Thomas Bodenheimer, Education and Debate, disease management in the American Market, 320 BMJ 563 (2000), accessed at http://www.bmj.com, 2/25/2000

David J. Hunter, Disease management: Has it a future?, 320 BMJ 530 (2000), accessed http://www.bmj.com 2/25/2000

Trisha Greenhalgh, Commercial partnerships in chronic disease management: proceeding with caution, 320 BMJ 566 (2000).

Edmund X. DeJesus, Disease management in a Warehouse, Healthcare Informatics, September 1999, accessed at http://www.healthcare-informatics.com, 5/19/00

Regulation, 42 CFR 422.112, Medicare+Choice Program, subpart C, Benefits and Beneficiary Protections, sec. 422.112, Access to Services

Arnold Chen, Best Practices in Coordinated Care, Submitted by Mathematica Policy Research, Inc., to Health Care Financing Administration, March 22, 2000.

7. Confidentiality in Adolescent Health Care, a joint policy statement of the American Academy of Pediatrics; the American Academy of Family Physicians; the American College of Obstetricians and Gynecologists; NAACOG-The Organization for Obstetric, Gynecologic, and Neonatal Nurses; and the National Medical Association.

8. J. Merz, P. Sankar, S.S. Yoo, "Hospital Consent for Disclosure of Medical Records," Journal of Law, Medicine & Ethics, 26 (1998): 241-248.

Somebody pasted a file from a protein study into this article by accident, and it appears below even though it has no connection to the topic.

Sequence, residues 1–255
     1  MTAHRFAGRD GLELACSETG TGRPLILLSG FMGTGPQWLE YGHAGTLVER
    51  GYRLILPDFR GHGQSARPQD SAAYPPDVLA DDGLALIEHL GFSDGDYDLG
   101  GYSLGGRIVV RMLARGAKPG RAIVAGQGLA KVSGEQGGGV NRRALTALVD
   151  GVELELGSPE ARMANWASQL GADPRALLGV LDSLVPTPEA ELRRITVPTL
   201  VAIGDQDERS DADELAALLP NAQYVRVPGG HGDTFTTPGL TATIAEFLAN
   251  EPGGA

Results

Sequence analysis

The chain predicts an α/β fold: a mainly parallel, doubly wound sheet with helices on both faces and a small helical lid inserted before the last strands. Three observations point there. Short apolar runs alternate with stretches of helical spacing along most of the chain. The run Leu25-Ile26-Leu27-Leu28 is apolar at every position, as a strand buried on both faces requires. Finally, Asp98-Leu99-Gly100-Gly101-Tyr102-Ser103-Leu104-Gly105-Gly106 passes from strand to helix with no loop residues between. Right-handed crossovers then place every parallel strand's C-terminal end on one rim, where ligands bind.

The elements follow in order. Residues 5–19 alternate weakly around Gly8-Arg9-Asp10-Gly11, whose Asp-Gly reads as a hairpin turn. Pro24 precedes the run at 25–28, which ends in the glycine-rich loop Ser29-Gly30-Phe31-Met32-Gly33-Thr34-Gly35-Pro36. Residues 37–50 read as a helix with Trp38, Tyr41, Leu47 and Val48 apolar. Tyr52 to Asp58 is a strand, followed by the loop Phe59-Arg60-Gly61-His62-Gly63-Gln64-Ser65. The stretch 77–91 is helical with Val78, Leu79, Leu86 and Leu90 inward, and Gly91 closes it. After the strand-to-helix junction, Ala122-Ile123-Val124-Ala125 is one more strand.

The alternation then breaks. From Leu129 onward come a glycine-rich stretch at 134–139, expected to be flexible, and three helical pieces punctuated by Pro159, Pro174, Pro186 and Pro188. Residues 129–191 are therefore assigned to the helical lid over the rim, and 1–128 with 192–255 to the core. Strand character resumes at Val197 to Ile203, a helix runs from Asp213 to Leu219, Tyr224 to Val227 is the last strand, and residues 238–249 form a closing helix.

9. Privacy Protection Study Commission, "Personal Privacy in an Information Society," July 1977, p. 306.

10. Privacy Protection Study Commission, "Personal Privacy in an Information Society," July 1977, pp. 215-217.

11. Health Privacy Working Group, "Best Principles for Health Privacy," Health Privacy Project, Institute for Health Care Research and Policy, Georgetown University, July 1999, p. 19.

12. AMA Council on Ethical and Judicial Affairs, "Opinion E-5.05: Confidentiality," Issued December 1983, Updated June 1994.

13. Privacy Protection Study Commission, "Personal Privacy in an Information Society," July 1977, p. 196-197.

14. Privacy Protection Study Commission, "Personal Privacy in an Information Society," July 1977, p. 315

15. ASTM, "Standard Guide for Confidentiality, Privacy, Access and Data Security, Principles for Health Information Including Computer-Based Patient Records," E 1869-97, § 12.1.4.

16. Confidentiality and Data Access Committee, Federal Committee on Statistical Methodology, Office of Management and Budget.

17. Sweeney, L. Guaranteeing Anonymity when Sharing Medical Data, the Datafly System. Masys, D., Ed. Proceedings, American Medical Informatics Association, Nashville, TN: Hanley & Belfus, Inc., 1997:51-55.